Research, development and innovation – The generation game changer
This blog, by Dr Nick Watkins (Assistant Director – Research and Development, NHSBT) is the first of a series that will highlight some of the exciting research, development and innovation projects which our scientists are leading.
The one phrase I recall from a conversation with my Grandfather just after he was diagnosed with prostate cancer was “It’s not a death sentence.” This took me by surprise initially, but as we spoke further it brought home to me the unprecedented advances in the understanding, diagnosis and treatment of cancer which he had seen through his lifetime. When he was growing up a diagnosis of cancer was almost inevitably accompanied by a poor short-term outcome. The situation today is very different: survival data from Cancer Research UK shows that cancer survival has more than doubled in the past 40 years, with 50% of patients surviving for 10 or more years1. Challenges remain (survival rates vary from 1% – 98% depending on cancer type), but living through these changes I could begin to understand his attitude to his diagnosis.
How our views on health and disease differ from those of our grandchildren will depend upon scientific advances over the next few decades. Predicting the impact of current innovations and trends on how future generations will interact with and benefit from our services is challenging. Niels Bohr, the Nobel prize winning physicist, was right when he said “Prediction is very difficult, especially if it is about the future”. Technologies that are likely to have a significant impact over the next generation include cell and gene therapies, data science and genomics. The timeframes in which these will impact upon NHSBT will vary, as will their costs, but there are already examples of how they are transforming patient diagnosis and treatment. I have a strong intuition as I read about the innovative science which we and others are carrying out that in the future multi-transfused sickle cell patients will be able to choose between a gene therapy which “cures” their disease, treatment through transfusion of donated blood or treatment with laboratory grown red cells. In the same timeframe, transplant recipients may receive advanced cell therapies with their organs that reduce the chances of immune rejection.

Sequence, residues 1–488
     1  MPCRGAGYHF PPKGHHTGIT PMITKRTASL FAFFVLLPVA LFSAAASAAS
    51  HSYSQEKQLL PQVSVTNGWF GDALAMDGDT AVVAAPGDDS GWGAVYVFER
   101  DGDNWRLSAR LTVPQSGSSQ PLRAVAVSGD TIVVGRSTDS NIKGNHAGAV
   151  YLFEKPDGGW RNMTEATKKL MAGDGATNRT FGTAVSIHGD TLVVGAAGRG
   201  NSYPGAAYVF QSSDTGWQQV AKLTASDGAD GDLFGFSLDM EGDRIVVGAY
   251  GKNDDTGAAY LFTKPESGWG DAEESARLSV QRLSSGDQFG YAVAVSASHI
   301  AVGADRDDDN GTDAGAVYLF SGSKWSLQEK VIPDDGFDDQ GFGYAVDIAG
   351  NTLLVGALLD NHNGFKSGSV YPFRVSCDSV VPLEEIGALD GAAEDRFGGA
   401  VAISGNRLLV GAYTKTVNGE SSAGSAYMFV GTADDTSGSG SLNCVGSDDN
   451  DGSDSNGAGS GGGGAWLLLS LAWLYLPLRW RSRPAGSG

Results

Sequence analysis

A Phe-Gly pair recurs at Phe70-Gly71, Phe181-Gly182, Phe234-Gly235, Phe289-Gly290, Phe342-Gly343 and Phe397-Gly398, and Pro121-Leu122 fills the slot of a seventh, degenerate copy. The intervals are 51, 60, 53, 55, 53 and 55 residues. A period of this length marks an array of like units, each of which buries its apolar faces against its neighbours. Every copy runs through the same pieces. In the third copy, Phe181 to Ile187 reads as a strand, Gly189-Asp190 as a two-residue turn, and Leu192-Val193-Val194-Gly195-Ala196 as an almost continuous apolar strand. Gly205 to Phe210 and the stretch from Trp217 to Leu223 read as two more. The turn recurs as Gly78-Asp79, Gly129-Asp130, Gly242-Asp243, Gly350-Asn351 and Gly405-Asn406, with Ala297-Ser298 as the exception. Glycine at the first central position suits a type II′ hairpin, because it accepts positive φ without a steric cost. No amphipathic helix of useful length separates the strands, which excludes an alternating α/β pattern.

Above image: three generations of the Watkins family.
Our scientists in Bristol and Cambridge are using gene editing techniques to modify blood cells which they are growing in the laboratory. These modifications allow us to produce red blood cells with specific blood groups or platelets which lack human leucocyte antigens (HLA), novel cell therapies that may provide better transfusion products for hard to match patients. The same scientists developing these new types of blood product are also hard at work on a clinical trial which will test whether laboratory grown red blood cells survive longer than donated blood cells. We hope to recruit our first volunteers to this study in September of this year.
Alongside gene therapies, new cellular therapies have been developed which are able to either replace defective cells or target cancer cells. So-called Chimeric Antigen Receptor T-cells (CAR-T cells) can retarget the body’s defence systems to attack and destroy cancer cells. These therapies, which are being manufactured in our Cellular and Molecular Therapies laboratories, offer some cancer patients treatments where all others have failed.
The Component Development Laboratory (CDL), led by Dr Rebecca Cardigan, together with the Manufacturing Development Team (MDT) are working on projects that will improve the provision of traditional blood components to hospitals. They are developing new components which combine red cells, platelets and plasma which may offer more effective treatment for patients who suffer massive blood loss through trauma. Ever wondered whether we can extend the shelf-life of red blood cells? CDL and MDT are trialling new preservative solutions which have been designed to increase the function of stored red blood cells thereby extending their storage time.